3 films, 1 ticket! Films @ the O: "Live at Preservation Hall: Louisiana Fairytale"; "The Big Uneasy" and "God's Architects"
Saturday, July 23, 2011 at 6:30 PM - Monday, July 25, 2011 at 8:00 PM (CDT)
Films @ the O
The Ogden Museum of Southern Art is pleased to announce a weekend of documentary films that explore Southern culture through music, art and architecture, as well as addressing the future of the region and the United States.
Special deal! All 3 movies: $10 for Ogden Museum/NOFS members; $25 for nonmembers
For more information about the screenings: 504.539.9616.
TICKETS ARE NOT ISSUED. Check in at front desk.
Live at Preservation Hall: Louisiana Fairytale – A film by Danny Clinch
6:30 doors; 7 p.m. screening
For 50 years, the Preservation Hall Jazz Band has kept the traditions of New Orleans jazz alive, performing both at home and on tour around the world. Along the way, they have brought in collaborators of all musical stripes to play, honor, and reinterpret America's first true art form. In Louisiana Fairytale (59 min. 33 sec.), director Danny Clinch documents their collaboration with American rock band My Morning Jacket, showing a legendary group of New Orleans musicians passing on traditions and inspiring a new generation.
Produced by Clinch and Preservation Hall band leader Ben Jaffe, the film features an intimate performance by both bands in the French Quarter's historic Preservation Hall.
This screening is a sneak peek leading up to its New Orleans debut at the New Orleans Film Festival (Oct. 14-20, 2011), which is presented annually by the New Orleans Film Society (http://neworleansfilmsociety.org).
For more about the film: http://www.dannyclinch.com/?p=3148.
Sun. July 24
The Big Uneasy –A film by Harry Shearer
1:30 p.m. doors; 2 p.m. screening
The first documentary by long-time "mockumentarian" Harry Shearer, The Big Uneasy (95 min.) gets the inside story of a disaster that could have been prevented from the people who were there. Shearer speaks to the investigators who poked through the muck as the water receded and a whistle-blower from the Army Corps of Engineers, revealing that some of the same flawed methods responsible for the levee failure during Katrina are being used to rebuild the system expected to protect the new New Orleans from future peril.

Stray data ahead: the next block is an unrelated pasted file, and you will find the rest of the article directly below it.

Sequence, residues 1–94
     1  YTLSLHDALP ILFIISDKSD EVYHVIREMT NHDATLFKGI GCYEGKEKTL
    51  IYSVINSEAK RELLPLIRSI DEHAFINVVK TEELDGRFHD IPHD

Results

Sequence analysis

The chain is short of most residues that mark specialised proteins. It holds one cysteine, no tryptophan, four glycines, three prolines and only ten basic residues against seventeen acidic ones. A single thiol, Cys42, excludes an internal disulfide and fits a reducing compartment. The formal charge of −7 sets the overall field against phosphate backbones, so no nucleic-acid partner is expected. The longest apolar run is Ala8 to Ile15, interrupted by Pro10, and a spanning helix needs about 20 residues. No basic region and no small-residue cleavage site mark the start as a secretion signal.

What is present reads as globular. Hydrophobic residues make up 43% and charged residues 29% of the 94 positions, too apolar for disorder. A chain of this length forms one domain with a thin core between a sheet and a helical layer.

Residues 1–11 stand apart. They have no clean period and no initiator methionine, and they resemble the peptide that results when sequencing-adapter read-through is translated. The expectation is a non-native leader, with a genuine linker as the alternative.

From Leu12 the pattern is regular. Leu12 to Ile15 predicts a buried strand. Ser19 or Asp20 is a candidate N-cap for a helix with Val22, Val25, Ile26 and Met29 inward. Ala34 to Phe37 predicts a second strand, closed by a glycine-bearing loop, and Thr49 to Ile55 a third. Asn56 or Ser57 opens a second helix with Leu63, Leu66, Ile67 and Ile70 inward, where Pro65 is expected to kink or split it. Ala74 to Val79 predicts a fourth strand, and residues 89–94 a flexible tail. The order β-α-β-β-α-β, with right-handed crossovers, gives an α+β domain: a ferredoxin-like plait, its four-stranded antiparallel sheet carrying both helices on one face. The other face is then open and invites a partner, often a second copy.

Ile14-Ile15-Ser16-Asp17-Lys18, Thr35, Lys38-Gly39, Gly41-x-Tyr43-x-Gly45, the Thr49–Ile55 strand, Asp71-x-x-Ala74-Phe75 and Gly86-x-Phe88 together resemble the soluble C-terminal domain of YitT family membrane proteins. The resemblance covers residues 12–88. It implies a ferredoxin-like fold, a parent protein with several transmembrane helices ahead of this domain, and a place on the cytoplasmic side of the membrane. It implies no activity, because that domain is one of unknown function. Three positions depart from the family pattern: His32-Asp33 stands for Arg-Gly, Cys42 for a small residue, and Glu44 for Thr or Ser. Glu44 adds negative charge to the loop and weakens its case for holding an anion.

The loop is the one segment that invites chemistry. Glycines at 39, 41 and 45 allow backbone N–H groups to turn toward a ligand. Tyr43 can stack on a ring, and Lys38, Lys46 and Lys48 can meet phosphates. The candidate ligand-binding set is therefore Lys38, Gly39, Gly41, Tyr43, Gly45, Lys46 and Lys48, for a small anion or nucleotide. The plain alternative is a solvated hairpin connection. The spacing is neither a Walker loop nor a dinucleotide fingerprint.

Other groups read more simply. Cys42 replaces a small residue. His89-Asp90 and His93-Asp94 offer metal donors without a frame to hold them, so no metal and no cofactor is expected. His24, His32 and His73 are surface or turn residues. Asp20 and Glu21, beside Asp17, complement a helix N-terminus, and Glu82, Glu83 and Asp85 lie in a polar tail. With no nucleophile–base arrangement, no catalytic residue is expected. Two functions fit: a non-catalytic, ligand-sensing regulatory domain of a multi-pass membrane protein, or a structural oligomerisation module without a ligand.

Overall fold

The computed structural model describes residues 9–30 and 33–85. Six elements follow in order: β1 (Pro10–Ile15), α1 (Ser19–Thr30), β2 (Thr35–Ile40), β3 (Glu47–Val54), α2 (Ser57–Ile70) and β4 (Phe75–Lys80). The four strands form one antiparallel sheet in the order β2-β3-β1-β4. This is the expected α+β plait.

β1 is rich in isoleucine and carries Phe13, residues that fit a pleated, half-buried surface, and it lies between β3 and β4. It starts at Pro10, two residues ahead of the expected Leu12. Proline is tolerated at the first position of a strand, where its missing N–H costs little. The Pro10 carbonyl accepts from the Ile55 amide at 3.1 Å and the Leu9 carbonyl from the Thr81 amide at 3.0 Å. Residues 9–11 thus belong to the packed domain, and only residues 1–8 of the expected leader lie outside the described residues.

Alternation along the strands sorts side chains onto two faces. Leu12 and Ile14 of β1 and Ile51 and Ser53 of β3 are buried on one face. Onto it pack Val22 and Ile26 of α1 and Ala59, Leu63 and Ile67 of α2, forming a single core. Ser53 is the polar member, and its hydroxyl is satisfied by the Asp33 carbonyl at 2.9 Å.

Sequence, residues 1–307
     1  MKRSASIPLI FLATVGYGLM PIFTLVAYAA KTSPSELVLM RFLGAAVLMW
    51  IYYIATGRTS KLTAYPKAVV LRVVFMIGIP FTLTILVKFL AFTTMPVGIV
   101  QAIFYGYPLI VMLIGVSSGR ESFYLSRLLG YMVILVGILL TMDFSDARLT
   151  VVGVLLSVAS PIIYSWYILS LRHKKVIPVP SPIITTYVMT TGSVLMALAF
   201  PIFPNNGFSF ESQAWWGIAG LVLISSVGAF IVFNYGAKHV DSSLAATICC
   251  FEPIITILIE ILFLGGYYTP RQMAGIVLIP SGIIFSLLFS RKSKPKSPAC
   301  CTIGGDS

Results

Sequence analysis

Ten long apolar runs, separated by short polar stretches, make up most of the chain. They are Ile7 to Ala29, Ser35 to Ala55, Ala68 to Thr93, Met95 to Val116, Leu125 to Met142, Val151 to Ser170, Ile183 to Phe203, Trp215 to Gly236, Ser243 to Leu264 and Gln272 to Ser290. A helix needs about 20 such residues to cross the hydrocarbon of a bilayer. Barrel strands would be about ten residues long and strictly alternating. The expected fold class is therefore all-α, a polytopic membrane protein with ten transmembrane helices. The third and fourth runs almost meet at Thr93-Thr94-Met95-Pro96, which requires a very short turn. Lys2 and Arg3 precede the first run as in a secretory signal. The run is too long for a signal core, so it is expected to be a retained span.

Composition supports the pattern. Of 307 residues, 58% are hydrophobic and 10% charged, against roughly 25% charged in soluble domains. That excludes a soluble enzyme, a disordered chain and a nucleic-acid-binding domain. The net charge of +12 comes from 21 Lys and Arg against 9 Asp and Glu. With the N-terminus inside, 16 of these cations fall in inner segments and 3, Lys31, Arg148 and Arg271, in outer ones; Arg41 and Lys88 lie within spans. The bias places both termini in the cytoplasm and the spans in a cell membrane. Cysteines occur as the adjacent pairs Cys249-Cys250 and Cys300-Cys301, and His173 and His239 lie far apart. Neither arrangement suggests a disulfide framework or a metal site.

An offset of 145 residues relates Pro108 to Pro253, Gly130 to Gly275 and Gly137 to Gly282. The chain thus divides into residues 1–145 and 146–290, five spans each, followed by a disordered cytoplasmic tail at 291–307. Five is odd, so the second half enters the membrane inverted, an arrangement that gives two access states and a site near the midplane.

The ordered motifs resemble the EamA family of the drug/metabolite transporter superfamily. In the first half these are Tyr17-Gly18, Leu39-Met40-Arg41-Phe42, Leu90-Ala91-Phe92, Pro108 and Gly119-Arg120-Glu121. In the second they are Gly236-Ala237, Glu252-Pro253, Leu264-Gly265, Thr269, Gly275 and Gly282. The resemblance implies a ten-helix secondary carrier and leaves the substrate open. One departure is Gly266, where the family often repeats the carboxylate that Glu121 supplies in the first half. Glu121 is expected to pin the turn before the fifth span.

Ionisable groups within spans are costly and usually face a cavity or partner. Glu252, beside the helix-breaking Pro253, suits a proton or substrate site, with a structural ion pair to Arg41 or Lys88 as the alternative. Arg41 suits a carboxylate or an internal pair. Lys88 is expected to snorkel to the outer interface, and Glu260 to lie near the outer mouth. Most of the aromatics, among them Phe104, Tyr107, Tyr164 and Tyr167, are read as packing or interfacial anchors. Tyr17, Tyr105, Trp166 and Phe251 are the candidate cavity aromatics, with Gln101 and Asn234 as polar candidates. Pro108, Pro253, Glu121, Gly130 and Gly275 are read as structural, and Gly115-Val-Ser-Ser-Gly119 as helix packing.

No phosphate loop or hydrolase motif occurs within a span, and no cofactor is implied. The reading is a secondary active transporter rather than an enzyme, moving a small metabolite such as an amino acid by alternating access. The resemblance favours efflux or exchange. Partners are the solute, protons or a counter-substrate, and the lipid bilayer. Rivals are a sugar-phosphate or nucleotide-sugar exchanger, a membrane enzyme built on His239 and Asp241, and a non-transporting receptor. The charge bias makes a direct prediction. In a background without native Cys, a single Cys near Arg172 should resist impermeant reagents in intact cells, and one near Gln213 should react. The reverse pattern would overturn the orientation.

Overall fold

In short segments hosted by John Goodman, Shearer speaks candidly with local residents about life in New Orleans. Together, they explore the questions that Americans outside of the Gulf region have been pondering in the five years since Katrina: Why would people choose to live below sea level? Why is it important to rebuild New Orleans?
The Big Uneasy is laced with computer imagery that takes you inside the structures that failed so catastrophically, and boasts never-before-seen video of the moments when New Orleans began to flood and the painstaking investigations that followed. The Big Uneasy marks the beginning of the end of almost six years of ignorance about what happened to one of our nation’s most treasured cities—and serves as a stark reminder that the same agency that failed to protect New Orleans still exists in other cities across America.
For more information about the film: http://www.thebiguneasy.com.
Mon. July 25
God’s Architects – A film by Zack Godshall and Emilie Taylor
5:30 doors; 6 p.m. screening
God's Architects (82 min.) is a
documentary that tells the stories of five divinely inspired artist-architects—Floyd
Blanks Jr., Rev. H.D. Dennis, Kenny Hill, Leonard Knight, and Shelby
Ravellette—and their enigmatic creations. The film details how and why these
oft-marginalized creators, with neither funding nor blueprints, construct their
In the spring of 2005, Emilie Taylor, then a graduate student at the Tulane School of Architecture, received a travel grant to research and document self-taught and visionary builders around the South. After visiting and documenting a number of builders, most of whom professed some degree of divine inspiration, Taylor shared her findings with filmmaker Zachary Godshall. Immediately attracted by Taylor's stories, drawings, and photographs, Godshall decided to visit the builders himself.
And so in November 2005, Godshall set out from south Louisiana with a camera, tripod, and microphone to interview and document the work of Floyd Banks Jr., a divinely inspired castle builder living in the east Tennessee hill country.
Three years later, Godshall completed a feature-length film that both examines and celebrates the work of Banks along with four other solitary builders who have constructed similar monuments. Beyond the builders and their work, the film functions as a personal essay that explores the nature of inspiration and one's dedication to a creative project, no matter how absurd or mysterious the circumstances may seem.
For more about the film: http://www.godsarchitects.com.
These film screenings are a collaboration between the Ogden Museum of Southern Art (www.ogdenmuseum.org) and the New Orleans Film Society (http://neworleansfilmsociety.org).